At media day, on his introduction to MSU men’s basketball fans, head coach Tom Izzo had high praise for his rising star.
“He’s been an incredible kid,” Izzo said. “Sometimes your top 10 or 15 players are full of themselves. He’s been as humble and hard-working and coachable a kid as I’ve had. So that’s exciting for me. Because when your best players are some of your hardest workers and your easiest to coach, that’s usually a recipe for success. I think Miles Bridges is going to be the next Flintstone that has great success at our place because of the way he’s handled everything from his recruiting on.”
In his playing debut, Bridges shined for 21 points and seven rebounds in a thrilling loss to then-No. 10 Arizona in the Armed Forces Classic.
“I always said if I could get a seven-footer from Florida, Texas, or California I’d probably have my name in lights because everybody thinks if you recruit from further it’s better,” Izzo said. “I think just the opposite. I think you have to put a fence around your state and you need to be getting a lot of the best players in your state if you’re one of the big schools in the state. I’ve always believed that the Midwest has a tougher kid. It’s not always true but I’ve believed that. I’ve always believed in putting kids near their homes where their family can come and watch them play. I believe that’s part of the family atmosphere in Miles’ and Cassius’ case.”
Izzo continued to say players from the state of Michigan often reflect the nostalgic history of the state. The blue-collar mentality that players bring to the court reflect the automotive industry in Detroit and Flint.
As soon as Bridges began his career as a Spartan an ankle injury sidelined him for seven games.
In his return, Bridges gave fans a long-awaited highlight, taking the lob from freshman guard Cassius Winston and throwing down the dunk with great force.
“I felt great, I mean I hate sitting out, that is probably one of the worst things I’ve had to do in my life,” Bridges said. “That’s what I like to do, I like dunking the ball and getting the fans into it. I was actually surprised I got up that high because I haven’t dunked in a while.”
After a defeat against Penn State, Bridges was given a little reminder from back home through a call from his mother.
“My mom, she called me up after the Penn State game and said I wasn’t being aggressive,” Bridges said. “That’s why I love my mom, she is always on me like that, she just wants me to do better.”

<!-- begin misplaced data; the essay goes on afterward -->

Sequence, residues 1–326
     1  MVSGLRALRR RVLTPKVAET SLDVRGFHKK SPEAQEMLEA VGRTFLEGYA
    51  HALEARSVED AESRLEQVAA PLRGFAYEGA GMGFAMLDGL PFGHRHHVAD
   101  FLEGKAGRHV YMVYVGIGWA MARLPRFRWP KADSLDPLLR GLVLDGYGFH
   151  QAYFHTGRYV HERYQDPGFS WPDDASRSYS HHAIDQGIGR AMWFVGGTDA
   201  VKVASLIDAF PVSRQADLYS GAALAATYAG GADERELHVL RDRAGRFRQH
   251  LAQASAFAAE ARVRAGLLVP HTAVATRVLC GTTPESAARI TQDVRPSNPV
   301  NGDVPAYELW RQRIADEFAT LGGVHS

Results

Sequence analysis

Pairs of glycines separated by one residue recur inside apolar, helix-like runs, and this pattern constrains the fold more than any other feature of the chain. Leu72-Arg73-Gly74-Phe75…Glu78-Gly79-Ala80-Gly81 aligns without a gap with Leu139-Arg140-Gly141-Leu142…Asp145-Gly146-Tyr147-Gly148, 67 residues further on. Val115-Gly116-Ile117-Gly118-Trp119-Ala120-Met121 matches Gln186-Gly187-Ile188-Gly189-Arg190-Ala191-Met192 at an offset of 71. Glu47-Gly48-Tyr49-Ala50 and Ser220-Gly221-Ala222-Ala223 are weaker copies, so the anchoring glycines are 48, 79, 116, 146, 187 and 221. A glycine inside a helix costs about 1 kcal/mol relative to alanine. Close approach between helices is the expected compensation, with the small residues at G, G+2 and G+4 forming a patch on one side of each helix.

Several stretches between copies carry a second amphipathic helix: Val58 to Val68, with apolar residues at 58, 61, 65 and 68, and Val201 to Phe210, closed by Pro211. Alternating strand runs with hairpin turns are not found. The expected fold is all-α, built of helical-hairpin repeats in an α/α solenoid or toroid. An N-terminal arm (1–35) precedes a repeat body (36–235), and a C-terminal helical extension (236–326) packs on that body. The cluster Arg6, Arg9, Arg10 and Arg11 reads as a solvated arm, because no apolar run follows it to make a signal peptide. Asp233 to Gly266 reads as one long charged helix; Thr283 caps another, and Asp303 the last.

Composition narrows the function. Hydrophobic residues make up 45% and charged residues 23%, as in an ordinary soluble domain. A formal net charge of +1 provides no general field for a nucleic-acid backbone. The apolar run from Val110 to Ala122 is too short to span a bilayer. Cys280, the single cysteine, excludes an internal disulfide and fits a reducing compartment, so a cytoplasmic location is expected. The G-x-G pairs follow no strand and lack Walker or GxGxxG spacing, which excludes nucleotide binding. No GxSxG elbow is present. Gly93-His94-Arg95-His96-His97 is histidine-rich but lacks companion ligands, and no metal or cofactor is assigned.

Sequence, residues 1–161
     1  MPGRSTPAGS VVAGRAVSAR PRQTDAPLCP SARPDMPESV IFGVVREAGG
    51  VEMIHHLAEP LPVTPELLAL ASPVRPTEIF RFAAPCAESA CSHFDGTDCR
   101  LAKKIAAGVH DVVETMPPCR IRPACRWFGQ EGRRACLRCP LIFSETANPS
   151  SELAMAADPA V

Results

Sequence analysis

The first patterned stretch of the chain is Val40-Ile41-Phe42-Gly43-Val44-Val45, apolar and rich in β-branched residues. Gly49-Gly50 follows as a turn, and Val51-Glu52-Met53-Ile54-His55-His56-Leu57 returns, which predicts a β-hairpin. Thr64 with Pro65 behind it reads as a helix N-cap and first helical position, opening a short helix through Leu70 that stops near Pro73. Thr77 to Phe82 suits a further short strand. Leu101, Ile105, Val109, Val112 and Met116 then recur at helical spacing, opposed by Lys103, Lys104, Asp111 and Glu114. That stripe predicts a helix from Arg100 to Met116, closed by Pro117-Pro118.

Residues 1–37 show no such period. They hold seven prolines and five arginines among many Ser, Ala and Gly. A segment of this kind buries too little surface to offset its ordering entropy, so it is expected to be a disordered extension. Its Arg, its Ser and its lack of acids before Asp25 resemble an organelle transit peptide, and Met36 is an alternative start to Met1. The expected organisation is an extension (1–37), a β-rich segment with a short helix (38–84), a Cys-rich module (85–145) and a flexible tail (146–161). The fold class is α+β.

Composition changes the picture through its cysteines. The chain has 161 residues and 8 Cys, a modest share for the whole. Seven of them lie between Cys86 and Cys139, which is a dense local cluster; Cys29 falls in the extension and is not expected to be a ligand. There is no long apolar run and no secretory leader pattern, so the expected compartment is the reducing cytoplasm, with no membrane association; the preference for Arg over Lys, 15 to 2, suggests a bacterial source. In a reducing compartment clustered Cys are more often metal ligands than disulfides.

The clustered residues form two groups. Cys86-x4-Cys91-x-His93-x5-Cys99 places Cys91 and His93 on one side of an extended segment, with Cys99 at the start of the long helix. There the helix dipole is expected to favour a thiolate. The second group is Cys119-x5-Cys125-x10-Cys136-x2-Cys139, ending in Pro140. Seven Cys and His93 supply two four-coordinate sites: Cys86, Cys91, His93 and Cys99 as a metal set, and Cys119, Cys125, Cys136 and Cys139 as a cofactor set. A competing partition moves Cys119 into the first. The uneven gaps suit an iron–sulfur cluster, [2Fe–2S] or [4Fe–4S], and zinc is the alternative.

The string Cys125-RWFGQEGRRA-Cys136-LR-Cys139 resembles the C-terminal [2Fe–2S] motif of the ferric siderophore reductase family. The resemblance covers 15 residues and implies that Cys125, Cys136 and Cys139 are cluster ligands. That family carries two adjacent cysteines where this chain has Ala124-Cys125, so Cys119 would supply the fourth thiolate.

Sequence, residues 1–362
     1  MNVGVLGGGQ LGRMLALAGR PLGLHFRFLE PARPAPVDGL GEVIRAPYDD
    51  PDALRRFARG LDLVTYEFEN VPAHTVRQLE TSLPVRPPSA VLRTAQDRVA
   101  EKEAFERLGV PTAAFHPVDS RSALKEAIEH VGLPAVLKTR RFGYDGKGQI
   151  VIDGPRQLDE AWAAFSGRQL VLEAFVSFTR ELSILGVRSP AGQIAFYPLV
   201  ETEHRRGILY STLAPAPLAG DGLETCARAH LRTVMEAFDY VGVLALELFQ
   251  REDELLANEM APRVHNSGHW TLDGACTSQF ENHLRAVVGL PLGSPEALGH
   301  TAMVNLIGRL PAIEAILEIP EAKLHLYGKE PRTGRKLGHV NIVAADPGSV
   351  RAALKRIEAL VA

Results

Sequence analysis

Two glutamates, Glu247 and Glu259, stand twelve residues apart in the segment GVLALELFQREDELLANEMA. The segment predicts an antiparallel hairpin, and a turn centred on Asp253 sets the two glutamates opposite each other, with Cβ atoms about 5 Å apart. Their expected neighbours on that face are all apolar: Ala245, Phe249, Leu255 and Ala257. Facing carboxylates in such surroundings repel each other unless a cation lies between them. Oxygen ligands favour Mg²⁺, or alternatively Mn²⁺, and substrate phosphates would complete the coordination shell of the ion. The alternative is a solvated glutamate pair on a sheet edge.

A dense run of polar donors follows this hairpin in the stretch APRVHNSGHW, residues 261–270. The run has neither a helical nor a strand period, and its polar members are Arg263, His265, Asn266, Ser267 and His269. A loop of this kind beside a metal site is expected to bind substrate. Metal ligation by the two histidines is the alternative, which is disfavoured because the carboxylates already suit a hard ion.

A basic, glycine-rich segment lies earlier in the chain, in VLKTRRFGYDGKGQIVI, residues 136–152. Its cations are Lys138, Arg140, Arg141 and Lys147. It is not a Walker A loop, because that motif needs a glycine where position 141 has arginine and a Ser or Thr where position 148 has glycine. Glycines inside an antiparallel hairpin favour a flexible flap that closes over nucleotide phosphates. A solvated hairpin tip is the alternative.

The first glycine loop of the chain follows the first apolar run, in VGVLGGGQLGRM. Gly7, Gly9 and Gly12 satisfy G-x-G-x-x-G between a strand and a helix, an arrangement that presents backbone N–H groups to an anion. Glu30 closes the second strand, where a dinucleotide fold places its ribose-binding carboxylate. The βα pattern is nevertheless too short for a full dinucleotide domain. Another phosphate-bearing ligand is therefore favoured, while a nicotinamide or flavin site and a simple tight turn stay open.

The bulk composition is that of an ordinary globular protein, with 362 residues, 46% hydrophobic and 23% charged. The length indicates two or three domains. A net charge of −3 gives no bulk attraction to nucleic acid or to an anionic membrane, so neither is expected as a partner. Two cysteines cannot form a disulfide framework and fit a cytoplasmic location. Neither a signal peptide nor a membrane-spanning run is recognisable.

His mother said she looked back at his tapes from Huntington Prep to see what Miles needed to change in order to play better.
“It looked like he was playing so cautious ... he wasn’t himself,” Cynthia said. “I also texted coach Izzo, I told him, ‘Miles needs to play more aggressive.’”
As soon as the season ends, Bridges will be eligible to forgo his college career and enter the NBA Draft. With talks about being a potential lottery pick, Cynthia said she just wants her son to be happy and doesn’t discuss her son’s future with him.
“I have a vision on what I want to do,” Miles said. “The NBA is going to be there if I go this year or next year. I just want to win here first before I go to the NBA. Even if I do leave early, I would want to come back, get my education through summer classes and graduate from school because I know that’s what my mom would want.”
When Bridges’ decides to take the next step, he said he wants to use the NBA platform to give back to Flint, especially after recent events such as the water crisis.
While his mother Cynthia has lived in Flint for the past 26 years, she said her house was just outside the affected areas, however she still buys bottled water to clean vegetables and to cook with.
“God is number one in my life and I just want to give back to kids because I know that’s what God would want me to do,” Bridges said. “I think that is basically my purpose in life, to use the NBA as a stepping stool to giveback to people.”
While Bridges’ will most likely pursue the NBA, he will bring with his family and experiences he learned from Flint.
“I think the ceiling is very very for Miles, on the collegiate level as well as the professional level,” Grayer said. “With the talent he has that God has given him, he is going to be a very exciting player."